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Morbidity and mortality of short bowel syndrome in infancy and childhood.
Eur J Pediatr Surg. 1991 Oct; 1(5):273-6.EJ

Abstract

This report concerns 59 infants and children with short bowel syndrome, most commonly caused by necrotizing enterocolitis in this study. Resection of atretic or gangrenous bowel was performed in 53 patients, tapering enteroplasty and primary anastomosis was performed in 13 patients, and temporary enterostomies were performed in 40 patients. Second-look laparotomy was useful in two of four cases of questionable bowel viability. The ileocecal valve was resected in 32 patients and remained intact in 27. The mean length of the remaining bowel was 58.4 cm. All patients received total parenteral nutrition and early enteral feedings. Home hyperalimentation was attempted when 50 per cent of the calorie intake was enteral. Intestinal adaptation required from 3 to 14 months. Frequent setbacks were related to catheter sepsis, rotavirus infection, carbohydrate intolerance, and liver dysfunction. The overall survival rate was 80 per cent with mortality due to sepsis associated with total parenteral nutrition and liver failure.

Authors+Show Affiliations

Pediatric Surgical Clinic, Aristotelian University, Thessaloniki, Greece.No affiliation info availableNo affiliation info availableNo affiliation info availableNo affiliation info available

Pub Type(s)

Journal Article

Language

eng

PubMed ID

1747358

Citation

Anagnostopoulos, D, et al. "Morbidity and Mortality of Short Bowel Syndrome in Infancy and Childhood." European Journal of Pediatric Surgery : Official Journal of Austrian Association of Pediatric Surgery ... [et Al] = Zeitschrift Fur Kinderchirurgie, vol. 1, no. 5, 1991, pp. 273-6.
Anagnostopoulos D, Valioulis J, Sfougaris D, et al. Morbidity and mortality of short bowel syndrome in infancy and childhood. Eur J Pediatr Surg. 1991;1(5):273-6.
Anagnostopoulos, D., Valioulis, J., Sfougaris, D., Maliaropoulos, N., & Spyridakis, J. (1991). Morbidity and mortality of short bowel syndrome in infancy and childhood. European Journal of Pediatric Surgery : Official Journal of Austrian Association of Pediatric Surgery ... [et Al] = Zeitschrift Fur Kinderchirurgie, 1(5), 273-6.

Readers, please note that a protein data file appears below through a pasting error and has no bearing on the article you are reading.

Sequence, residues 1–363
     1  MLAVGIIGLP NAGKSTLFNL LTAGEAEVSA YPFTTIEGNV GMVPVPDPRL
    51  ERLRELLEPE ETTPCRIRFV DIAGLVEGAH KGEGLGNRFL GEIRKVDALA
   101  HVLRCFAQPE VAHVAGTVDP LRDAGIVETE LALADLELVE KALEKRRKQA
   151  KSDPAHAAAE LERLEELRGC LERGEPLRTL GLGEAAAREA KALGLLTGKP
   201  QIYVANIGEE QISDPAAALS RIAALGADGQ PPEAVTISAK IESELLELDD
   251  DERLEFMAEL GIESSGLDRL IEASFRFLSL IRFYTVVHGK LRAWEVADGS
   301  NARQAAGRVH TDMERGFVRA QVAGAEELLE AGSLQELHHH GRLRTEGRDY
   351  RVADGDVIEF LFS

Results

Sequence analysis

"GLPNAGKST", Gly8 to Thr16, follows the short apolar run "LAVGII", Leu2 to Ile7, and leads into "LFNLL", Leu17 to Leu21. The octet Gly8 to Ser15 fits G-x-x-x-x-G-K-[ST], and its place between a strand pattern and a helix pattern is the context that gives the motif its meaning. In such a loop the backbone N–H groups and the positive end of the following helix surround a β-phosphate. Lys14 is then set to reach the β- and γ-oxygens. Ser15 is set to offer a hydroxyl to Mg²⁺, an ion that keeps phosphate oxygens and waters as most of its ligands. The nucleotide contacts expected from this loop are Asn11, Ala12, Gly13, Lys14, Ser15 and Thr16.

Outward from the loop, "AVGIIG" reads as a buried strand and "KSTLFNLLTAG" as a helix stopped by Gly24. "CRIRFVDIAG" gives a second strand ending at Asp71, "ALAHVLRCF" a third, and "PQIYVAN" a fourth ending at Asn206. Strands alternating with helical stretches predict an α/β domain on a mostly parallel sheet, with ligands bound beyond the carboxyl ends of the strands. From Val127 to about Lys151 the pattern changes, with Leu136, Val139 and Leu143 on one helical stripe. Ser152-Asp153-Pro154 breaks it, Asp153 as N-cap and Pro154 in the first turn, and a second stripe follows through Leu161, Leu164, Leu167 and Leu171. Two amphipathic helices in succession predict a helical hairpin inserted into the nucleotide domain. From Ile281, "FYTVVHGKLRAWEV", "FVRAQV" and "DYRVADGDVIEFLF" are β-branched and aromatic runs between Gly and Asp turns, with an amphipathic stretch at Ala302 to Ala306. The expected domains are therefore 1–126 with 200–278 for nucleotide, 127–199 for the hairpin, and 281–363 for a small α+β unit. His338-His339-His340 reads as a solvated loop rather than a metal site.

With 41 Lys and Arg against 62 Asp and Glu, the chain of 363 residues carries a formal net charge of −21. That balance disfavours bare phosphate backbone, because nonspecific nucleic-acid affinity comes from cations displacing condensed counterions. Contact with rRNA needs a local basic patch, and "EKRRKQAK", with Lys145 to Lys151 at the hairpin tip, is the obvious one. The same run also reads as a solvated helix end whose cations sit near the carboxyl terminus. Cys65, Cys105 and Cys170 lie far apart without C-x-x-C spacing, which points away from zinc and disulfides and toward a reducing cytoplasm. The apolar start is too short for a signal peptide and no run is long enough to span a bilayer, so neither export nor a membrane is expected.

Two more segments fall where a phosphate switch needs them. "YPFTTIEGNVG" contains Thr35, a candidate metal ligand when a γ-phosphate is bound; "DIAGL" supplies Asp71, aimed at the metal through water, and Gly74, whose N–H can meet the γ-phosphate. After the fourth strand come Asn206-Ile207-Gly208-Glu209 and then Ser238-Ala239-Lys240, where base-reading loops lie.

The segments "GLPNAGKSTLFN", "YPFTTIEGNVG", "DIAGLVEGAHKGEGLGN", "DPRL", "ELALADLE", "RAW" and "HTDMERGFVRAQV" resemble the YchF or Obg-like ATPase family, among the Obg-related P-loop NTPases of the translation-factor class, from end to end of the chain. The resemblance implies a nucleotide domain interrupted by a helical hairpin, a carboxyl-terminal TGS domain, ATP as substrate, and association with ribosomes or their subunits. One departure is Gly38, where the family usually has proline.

Anagnostopoulos D, et al. Morbidity and Mortality of Short Bowel Syndrome in Infancy and Childhood. Eur J Pediatr Surg. 1991;1(5):273-6. PubMed PMID: 1747358.
* Article titles in AMA citation format should be in sentence-case
TY - JOUR T1 - Morbidity and mortality of short bowel syndrome in infancy and childhood. AU - Anagnostopoulos,D, AU - Valioulis,J, AU - Sfougaris,D, AU - Maliaropoulos,N, AU - Spyridakis,J, PY - 1991/10/1/pubmed PY - 1991/10/1/medline PY - 1991/10/1/entrez SP - 273 EP - 6 JF - European journal of pediatric surgery : official journal of Austrian Association of Pediatric Surgery ... [et al] = Zeitschrift fur Kinderchirurgie JO - Eur J Pediatr Surg VL - 1 IS - 5 N2 - This report concerns 59 infants and children with short bowel syndrome, most commonly caused by necrotizing enterocolitis in this study. Resection of atretic or gangrenous bowel was performed in 53 patients, tapering enteroplasty and primary anastomosis was performed in 13 patients, and temporary enterostomies were performed in 40 patients. Second-look laparotomy was useful in two of four cases of questionable bowel viability. The ileocecal valve was resected in 32 patients and remained intact in 27. The mean length of the remaining bowel was 58.4 cm. All patients received total parenteral nutrition and early enteral feedings. Home hyperalimentation was attempted when 50 per cent of the calorie intake was enteral. Intestinal adaptation required from 3 to 14 months. Frequent setbacks were related to catheter sepsis, rotavirus infection, carbohydrate intolerance, and liver dysfunction. The overall survival rate was 80 per cent with mortality due to sepsis associated with total parenteral nutrition and liver failure. SN - 0939-7248 UR - https://www.unboundmedicine.com/medline/citation/1747358/Morbidity_and_mortality_of_short_bowel_syndrome_in_infancy_and_childhood_ L2 - http://www.thieme-connect.com/DOI/DOI?10.1055/s-2008-1042504 DB - PRIME DP - Unbound Medicine ER -